I have been incredibly fortunate to meet and work with so many amazing individuals, some of whom inspired me to get into the business in the first place. At the top of the list is Jeff Perry. Besides having played Cyrus Beene on ABC’s Scandal, Jeff is one of the co-founders of the venerable Steppenwolf Theatre in Chicago. Growing up, I was so influenced by the work Jeff and his fellow ensemble members were doing — they changed the face of American Theatre. Jeff is now a dear friend. Likewise, I’m enamored by Director Tom Verica, who now serves as an EP and Director on Bridgerton. Tom is an amazing storyteller. He and I first met when he directed me on an episode of Grey’s Anatomy. Jeff, Tom, my producing partner, Randy Goodwin, and I are actually developing a narrative feature called Plate River that looks at gun violence from the eyes of those left behind. This is a tough question. So many people have impacted me as an artist and human — Shonda Rhimes, whom I’ve worked for a number of times — and Casting Director Linda Lowy; they changed the trajectory of my career. Tom Hanks — he gave me my SAG card on his mini-series, From the Earth to the Moon. Maureen McCormick, not only was she Marcia Brady, who, as I mentioned, was an imaginary friend, but Maureen is now a real friend, and the work that she does for the inclusion of all people, regardless of ability, is a huge source of motivation for me. I’ve also recently been influenced by novelist Allison Larkin — Her storytelling is unmatched. My wife, Rachel, is incredibly interesting and has put up with my nonsense for almost thirty years. Seriously, this list could go on and on…

Which people in history inspire you the most? Why?

I’ve always been drawn to people who are champions for the marginalized. People who help give voice to those who have been oppressed or pushed aside. I’m inspired by the lives and work of people like Eunice Kennedy Shriver and Martin Luther King Jr. On a smaller scale, what Alan Alda and the creators of the television series M*A*S*H did was just extraordinary. The show explored not only the theme of war but also tackled gay themes, racism, sexism, ageism, the equal rights movement, mental health issues, and so on… And they did it all with grace, class, and often humor. That show influenced and inspired me immeasurably.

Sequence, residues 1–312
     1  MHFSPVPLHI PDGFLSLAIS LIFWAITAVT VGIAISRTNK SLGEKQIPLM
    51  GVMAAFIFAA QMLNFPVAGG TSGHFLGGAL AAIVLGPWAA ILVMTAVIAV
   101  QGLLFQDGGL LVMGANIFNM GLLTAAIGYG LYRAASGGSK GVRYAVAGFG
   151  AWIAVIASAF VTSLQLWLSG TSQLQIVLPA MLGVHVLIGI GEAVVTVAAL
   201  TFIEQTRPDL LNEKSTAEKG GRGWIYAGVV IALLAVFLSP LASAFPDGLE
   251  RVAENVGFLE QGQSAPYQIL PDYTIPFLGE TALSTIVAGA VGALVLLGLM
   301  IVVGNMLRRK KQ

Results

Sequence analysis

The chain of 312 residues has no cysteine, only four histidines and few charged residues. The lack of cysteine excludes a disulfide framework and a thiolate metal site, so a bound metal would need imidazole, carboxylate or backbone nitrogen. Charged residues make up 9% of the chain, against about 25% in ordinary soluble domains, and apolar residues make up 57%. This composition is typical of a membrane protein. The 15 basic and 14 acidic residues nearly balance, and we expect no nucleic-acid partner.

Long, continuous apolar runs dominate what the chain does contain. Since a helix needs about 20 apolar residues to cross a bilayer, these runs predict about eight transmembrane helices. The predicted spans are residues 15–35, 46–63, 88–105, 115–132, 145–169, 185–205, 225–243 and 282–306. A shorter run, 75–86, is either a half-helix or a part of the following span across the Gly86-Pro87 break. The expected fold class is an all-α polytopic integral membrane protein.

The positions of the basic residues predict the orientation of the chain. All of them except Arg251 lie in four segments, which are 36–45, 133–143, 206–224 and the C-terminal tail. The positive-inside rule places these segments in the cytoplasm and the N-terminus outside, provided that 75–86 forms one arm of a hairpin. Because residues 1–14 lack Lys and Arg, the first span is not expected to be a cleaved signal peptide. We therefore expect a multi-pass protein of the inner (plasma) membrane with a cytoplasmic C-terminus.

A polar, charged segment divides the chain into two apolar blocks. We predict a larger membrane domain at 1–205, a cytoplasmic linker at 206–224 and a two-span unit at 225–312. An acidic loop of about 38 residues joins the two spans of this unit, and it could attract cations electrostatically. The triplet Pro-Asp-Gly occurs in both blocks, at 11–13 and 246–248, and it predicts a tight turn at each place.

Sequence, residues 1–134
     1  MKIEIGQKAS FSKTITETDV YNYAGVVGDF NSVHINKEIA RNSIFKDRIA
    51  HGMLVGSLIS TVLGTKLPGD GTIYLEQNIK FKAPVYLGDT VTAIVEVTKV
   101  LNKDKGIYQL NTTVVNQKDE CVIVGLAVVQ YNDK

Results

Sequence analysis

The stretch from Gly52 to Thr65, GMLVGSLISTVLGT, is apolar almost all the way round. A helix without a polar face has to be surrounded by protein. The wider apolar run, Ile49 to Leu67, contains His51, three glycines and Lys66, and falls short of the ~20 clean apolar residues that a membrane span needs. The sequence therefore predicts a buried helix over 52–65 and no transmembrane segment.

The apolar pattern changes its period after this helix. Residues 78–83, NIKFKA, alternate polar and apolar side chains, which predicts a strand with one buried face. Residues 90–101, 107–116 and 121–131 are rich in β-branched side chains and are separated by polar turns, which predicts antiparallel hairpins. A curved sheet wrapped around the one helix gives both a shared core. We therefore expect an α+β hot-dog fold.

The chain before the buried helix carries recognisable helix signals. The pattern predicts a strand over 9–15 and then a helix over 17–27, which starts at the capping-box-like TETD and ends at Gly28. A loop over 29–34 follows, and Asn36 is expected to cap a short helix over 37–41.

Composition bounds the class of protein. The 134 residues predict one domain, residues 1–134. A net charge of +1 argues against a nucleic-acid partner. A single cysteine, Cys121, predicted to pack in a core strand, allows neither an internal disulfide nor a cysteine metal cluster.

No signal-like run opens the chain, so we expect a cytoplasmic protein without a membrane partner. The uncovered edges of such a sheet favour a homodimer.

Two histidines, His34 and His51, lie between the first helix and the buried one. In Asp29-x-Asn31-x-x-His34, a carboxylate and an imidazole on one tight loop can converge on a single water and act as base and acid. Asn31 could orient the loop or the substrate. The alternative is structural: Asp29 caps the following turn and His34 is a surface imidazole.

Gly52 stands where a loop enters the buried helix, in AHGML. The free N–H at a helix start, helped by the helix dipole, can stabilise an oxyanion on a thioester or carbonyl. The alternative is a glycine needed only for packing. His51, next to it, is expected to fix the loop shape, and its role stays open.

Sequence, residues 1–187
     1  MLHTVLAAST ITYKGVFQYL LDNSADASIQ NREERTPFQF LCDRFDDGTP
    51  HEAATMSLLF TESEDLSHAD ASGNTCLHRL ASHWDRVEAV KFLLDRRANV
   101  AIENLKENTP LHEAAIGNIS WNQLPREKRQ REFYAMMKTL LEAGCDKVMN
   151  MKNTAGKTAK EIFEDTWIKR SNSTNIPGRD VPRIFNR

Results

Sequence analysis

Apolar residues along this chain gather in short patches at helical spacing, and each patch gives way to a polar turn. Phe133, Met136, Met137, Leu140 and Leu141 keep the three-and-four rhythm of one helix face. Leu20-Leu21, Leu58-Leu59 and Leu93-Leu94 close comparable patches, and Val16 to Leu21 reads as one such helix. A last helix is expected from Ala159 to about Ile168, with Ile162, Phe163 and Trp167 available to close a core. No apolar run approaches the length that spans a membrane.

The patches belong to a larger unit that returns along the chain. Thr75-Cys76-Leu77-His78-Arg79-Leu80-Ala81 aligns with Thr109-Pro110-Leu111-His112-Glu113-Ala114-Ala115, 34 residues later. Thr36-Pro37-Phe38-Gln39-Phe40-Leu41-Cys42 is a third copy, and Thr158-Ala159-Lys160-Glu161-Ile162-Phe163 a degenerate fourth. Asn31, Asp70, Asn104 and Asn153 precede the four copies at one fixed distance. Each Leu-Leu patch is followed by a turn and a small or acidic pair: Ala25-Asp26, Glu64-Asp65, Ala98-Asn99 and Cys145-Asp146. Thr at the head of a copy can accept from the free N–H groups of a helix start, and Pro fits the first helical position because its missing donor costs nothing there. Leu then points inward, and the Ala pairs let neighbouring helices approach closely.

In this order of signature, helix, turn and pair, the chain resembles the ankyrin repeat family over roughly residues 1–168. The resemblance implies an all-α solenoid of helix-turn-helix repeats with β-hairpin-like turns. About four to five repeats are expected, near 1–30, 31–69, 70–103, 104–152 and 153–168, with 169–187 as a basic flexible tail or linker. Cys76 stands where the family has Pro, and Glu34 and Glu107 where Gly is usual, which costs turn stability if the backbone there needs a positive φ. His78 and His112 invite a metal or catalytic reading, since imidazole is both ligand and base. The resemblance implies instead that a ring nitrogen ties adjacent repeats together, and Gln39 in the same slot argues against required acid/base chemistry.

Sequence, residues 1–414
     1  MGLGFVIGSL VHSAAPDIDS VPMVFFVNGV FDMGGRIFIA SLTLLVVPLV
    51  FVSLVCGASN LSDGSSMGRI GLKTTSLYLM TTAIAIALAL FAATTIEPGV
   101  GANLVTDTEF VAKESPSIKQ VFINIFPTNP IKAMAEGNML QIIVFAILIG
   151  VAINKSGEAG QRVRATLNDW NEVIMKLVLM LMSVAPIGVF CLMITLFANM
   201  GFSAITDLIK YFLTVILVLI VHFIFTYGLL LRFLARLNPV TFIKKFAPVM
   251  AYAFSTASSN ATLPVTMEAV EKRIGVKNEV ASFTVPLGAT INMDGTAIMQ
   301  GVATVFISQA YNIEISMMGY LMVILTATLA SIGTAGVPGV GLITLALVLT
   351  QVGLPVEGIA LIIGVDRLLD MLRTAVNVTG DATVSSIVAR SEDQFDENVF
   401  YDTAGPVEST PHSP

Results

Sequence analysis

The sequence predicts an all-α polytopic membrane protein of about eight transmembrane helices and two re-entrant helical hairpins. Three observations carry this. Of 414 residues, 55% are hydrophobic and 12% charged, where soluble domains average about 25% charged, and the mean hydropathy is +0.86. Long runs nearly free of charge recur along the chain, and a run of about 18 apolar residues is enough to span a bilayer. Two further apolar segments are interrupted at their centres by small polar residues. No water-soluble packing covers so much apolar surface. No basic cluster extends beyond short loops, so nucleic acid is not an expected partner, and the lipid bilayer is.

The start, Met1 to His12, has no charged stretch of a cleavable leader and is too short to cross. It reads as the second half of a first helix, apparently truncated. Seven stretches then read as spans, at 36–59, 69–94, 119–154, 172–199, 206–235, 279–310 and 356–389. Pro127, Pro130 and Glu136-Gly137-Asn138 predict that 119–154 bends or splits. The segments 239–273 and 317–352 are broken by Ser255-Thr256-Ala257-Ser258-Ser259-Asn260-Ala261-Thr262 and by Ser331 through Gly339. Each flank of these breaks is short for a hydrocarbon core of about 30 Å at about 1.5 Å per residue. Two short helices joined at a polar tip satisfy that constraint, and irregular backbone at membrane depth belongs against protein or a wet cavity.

Let’s now shift to the main focus of our interview, how are you using your success to bring goodness to the world? Can you share with us the meaningful or exciting social impact causes you are working on right now?

Success is a tricky word — it’s in the eye of the beholder. I’m a working journeyman actor who also tells stories by writing and directing. As I mentioned earlier, the stories I like to tell examine the human condition with the hope of finding commonality. My current film, Billy Flanigan: The Happiest Man on Earth, hopes to do just that. We all have stories. It’s a matter of shining a light on those stories to create the space for connection. I firmly believe the most important moment of a film is the car ride home, when we share what we’ve collectively just witnessed and digested. As I said, it’s about starting a conversation. If I can do that, I’m not only doing my job as a filmmaker; I would like to think I’m also doing my job as a father and, ultimately, as a human. We live in a very divided world — the haves and have-nots, the right and the left, the powerful and the voiceless. I have two sons. I want to live in a world or help create a world where both of them can be whoever they want to be and love whoever they want to love. My oldest son was born with an ID (an intellectual disability), Down syndrome. He deserves the same rights and privileges my typical son is afforded. Filmmaking allows us to step inside someone else’s shoes. It allows us to view their world not with sympathy but with empathy. At the end of the day, in my humble, if we all could recognize that we’re more alike than we are different, we could get through this thing called life a little easier.

Many of us have ideas, dreams, and passions, but never manifest it. But you did. Was there an “Aha Moment” that made you decide that you were actually going to step up and take action for this cause? What was that final trigger?